Operation Chitty Chitty Bang Bang Stage 1: Purchase and Deliver School Bus
We did it! We found an old school bus that fit all of our criteria and were able to purchase it the first week of April in Phoenix, AZ! She is a 1999 Genesis International with a DT466 Engine, Allison Transmission, 250,000 miles (which is nothing for this engine), and in great shape! Crab flew into Phoenix to purchase it, and then drove it all the way back to Central Texas! A few things to think about if you are doing something like this, is to find insurance, check your state laws on types of drivers licenses needed to drive a bus, have enough money in gas (costs about $200 to fill the tank on average), have a friend who is or knows a diesel mechanic, and look for a bus in areas that have less moisture which will keep you from having any major rust issues.He also ordered a gauge reader from Amazon that he could plug into the bus to check to be sure there were no major codes that came up while he drove the bus before he bought it. We were able to find a dealer that had 4 of the same types of buses, 3 were left by the time Crab was able to get there. He checked under the buses, around them, the codes on his gauge, drove them, and then decided. Thank GOD he bought the gauge reader, because codes popped up on 2 of the 3 buses, and when he inspected under the hood and under the buses, he saw hanging lines and leaky hoses. He is not a mechanic, and only knows some things about vehicles, so the gauge reader helped him keep an eye out for things he may have missed. The third bus had the most miles, but no codes and looked the best over all. Then, he bought her for $4,700.
I was able to contact a local Texas insurance Company (not a name I ever heard of, and I can’t remember it) and the agent I was given was super helpful. He was able to get us coverage through Progressive under a Commercial Policy, for now. I am going to try to change this once we can register the bus as an RV as it is more expensive under commercial. The cost is $1400 a year…a little steep for just liability but for peace of mind for Crab to get home, I can handle it.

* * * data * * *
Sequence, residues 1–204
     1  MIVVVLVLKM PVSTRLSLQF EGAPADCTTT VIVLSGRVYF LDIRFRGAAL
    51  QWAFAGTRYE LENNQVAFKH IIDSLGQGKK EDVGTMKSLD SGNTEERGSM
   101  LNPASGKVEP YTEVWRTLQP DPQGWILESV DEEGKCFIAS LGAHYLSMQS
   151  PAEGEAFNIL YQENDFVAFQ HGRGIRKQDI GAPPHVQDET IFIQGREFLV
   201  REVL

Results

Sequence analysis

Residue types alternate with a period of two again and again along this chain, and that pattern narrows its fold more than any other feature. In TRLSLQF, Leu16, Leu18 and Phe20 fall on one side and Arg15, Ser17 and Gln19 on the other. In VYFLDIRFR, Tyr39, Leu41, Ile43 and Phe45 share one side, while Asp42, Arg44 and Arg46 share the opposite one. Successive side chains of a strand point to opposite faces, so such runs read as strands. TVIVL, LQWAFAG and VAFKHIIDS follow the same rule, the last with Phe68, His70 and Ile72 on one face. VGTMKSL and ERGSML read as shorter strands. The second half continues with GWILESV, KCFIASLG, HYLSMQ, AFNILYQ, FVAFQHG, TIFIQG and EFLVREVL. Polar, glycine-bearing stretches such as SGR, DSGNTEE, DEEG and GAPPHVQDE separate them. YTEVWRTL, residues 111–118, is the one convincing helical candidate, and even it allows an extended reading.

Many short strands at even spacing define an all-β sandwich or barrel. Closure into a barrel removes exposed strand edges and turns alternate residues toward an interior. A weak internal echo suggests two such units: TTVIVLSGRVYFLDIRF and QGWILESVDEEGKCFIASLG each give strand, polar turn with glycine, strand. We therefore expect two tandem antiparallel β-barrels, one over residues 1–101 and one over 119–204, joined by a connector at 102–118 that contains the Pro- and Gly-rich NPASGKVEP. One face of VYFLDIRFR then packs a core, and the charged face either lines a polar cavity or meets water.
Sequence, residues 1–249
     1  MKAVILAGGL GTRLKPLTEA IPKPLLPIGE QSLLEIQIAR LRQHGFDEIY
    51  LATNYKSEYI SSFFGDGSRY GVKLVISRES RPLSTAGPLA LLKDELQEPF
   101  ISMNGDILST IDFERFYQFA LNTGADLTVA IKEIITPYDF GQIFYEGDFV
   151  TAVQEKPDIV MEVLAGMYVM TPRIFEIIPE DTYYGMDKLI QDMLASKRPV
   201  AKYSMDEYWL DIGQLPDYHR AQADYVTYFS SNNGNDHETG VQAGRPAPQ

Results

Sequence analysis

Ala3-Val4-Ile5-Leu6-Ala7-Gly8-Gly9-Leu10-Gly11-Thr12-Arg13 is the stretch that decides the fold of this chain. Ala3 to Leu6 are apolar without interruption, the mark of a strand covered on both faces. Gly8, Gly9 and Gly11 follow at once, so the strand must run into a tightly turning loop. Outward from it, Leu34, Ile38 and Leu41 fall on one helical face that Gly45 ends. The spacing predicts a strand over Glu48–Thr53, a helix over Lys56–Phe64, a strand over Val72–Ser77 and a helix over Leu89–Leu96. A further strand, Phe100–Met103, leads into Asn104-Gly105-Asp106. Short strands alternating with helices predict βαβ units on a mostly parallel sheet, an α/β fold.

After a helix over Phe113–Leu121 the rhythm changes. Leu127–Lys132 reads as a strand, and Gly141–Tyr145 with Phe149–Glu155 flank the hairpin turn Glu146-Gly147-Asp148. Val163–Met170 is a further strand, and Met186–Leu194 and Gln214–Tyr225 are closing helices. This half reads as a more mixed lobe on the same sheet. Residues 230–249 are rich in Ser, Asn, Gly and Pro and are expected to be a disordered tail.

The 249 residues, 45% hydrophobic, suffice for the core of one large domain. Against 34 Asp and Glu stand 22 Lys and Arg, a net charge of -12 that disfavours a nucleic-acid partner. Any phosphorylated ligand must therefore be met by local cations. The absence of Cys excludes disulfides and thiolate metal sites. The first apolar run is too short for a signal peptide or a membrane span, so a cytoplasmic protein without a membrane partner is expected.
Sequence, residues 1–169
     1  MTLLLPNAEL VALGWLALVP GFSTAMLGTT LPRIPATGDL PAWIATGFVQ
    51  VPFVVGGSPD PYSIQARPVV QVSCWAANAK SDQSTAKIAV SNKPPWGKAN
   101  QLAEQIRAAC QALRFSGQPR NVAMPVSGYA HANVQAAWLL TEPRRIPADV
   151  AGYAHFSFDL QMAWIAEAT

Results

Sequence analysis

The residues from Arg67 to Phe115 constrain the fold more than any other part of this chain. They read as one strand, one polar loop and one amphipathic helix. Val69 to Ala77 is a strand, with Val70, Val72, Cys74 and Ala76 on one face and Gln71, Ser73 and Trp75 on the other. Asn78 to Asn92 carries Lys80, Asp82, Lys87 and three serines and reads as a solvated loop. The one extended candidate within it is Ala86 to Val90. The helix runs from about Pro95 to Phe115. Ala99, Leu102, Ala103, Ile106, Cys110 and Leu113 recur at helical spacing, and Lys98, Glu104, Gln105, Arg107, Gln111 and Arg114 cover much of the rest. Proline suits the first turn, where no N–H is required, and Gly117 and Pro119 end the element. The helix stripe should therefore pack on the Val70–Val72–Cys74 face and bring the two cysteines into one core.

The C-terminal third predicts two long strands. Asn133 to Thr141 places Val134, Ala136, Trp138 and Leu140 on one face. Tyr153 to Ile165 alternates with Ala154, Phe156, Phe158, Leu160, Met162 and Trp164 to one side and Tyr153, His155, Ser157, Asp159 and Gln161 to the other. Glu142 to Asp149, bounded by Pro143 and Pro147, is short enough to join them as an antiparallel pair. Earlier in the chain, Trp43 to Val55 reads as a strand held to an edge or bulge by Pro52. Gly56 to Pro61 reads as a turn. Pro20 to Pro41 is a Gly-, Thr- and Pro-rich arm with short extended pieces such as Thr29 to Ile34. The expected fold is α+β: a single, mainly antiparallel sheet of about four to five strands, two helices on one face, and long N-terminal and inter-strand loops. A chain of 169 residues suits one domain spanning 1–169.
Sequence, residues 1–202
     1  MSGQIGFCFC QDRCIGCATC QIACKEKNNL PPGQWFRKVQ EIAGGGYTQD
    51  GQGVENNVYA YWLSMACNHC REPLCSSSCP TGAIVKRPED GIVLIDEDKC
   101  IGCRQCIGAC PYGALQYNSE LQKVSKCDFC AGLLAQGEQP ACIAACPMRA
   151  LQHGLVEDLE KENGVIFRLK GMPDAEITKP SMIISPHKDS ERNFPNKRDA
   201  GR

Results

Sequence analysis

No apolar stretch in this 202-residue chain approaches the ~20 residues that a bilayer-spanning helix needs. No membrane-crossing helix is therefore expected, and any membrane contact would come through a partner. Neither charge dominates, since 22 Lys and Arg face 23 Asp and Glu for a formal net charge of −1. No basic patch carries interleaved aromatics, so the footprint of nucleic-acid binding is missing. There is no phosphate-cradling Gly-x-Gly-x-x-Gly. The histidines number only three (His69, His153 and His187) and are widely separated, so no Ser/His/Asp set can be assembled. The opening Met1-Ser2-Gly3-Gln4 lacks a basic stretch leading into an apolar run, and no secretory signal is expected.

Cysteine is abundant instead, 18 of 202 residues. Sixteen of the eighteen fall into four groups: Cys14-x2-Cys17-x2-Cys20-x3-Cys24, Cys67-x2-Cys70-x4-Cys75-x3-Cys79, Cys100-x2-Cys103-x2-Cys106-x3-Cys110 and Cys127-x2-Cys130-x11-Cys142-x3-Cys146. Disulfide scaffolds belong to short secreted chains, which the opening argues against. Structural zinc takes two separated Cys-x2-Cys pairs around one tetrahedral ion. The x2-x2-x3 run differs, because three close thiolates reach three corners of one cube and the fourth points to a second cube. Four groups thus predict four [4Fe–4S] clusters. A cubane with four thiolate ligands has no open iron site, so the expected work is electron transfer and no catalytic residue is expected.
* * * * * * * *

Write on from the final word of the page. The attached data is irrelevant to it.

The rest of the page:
In Texas, you need a Class B license (not a CHL license) to drive a bus. You have to pass a written test and bring your bus to take the drivers test, to get your license….so how do you get your bus with no license? Find a friend, or play the “dance in the gray area game”. Crab has driven several types of military vehicles during his service in the Army as an Airborne Infantryman. They ranged from Susvees (spelling) in Alaska to Stryker Vehicles (tanks on wheels). His confidence in driving the bus was pretty high to begin with, so that helped my nerves! After studying all night, he passed his Written Test with flying colors before he left to check out and buy our bus. The DMV employee told him to remove all of the seats and have “school bus” painted over before he brought it to her to do his drivers test. Since none of our friends who possess CHL licenses could just up and leave their jobs to drive our bus back from Phoenix, we decided to dance in that gray area of the law. I don’t recommend it, as it was definitely stressful! But it worked out. Having insurance for Crab on his way home helped him look somewhat squared away if he was pulled over, and since he would be so close to border checkpoints it made his nerves a bit more shaky! But even after stopping at a checkpoint, he was clear to go and did not have any issues on his way home:) We def had to break the law to become in compliant with the law, but it worked out. And Crab passed his driving test this week so now we are 100% good to go until we need to register the bus as an RV, still doing research on that one though.
The driving and written tests does not include the school bus portion as long as your bus does not have school bus on it or the seats in it. Definitely check your state laws though because they are VERY different state to state.
We surround ourselves with quality friends, as quantity doesn’t matter. This is a lesson we learned a few years ago as we hit some milestones in our ever growing and changing lives. One of those great friends, Jimbo, was an Army buddy of Crab’s and his brother-in-law is a diesel mechanic. His house is a little north, in west Texas and more than half way between Phoenix and our place. This made an excellent stopping spot for Crab to have the bus inspected by a no Bull**** mechanic (I hear there are some that rip you off), especially after driving 1000 miles from Phoenix. That bus probably never went that far for that long. The mechanic confirmed the gauge’s readings and said we got an excellent deal on the bus. He suggested one thing that would need to be replaced in the future, but overall it was in great shape. We plan on going back to him when we need to work on the bus so he can teach us how to do it ourselves.
Crab finally sent me a picture of him driving the bus to curb my excitement a little. The girls and I were completely ecstatic and could not wait for him to get home with our future tiny house!
Now, the real work begins!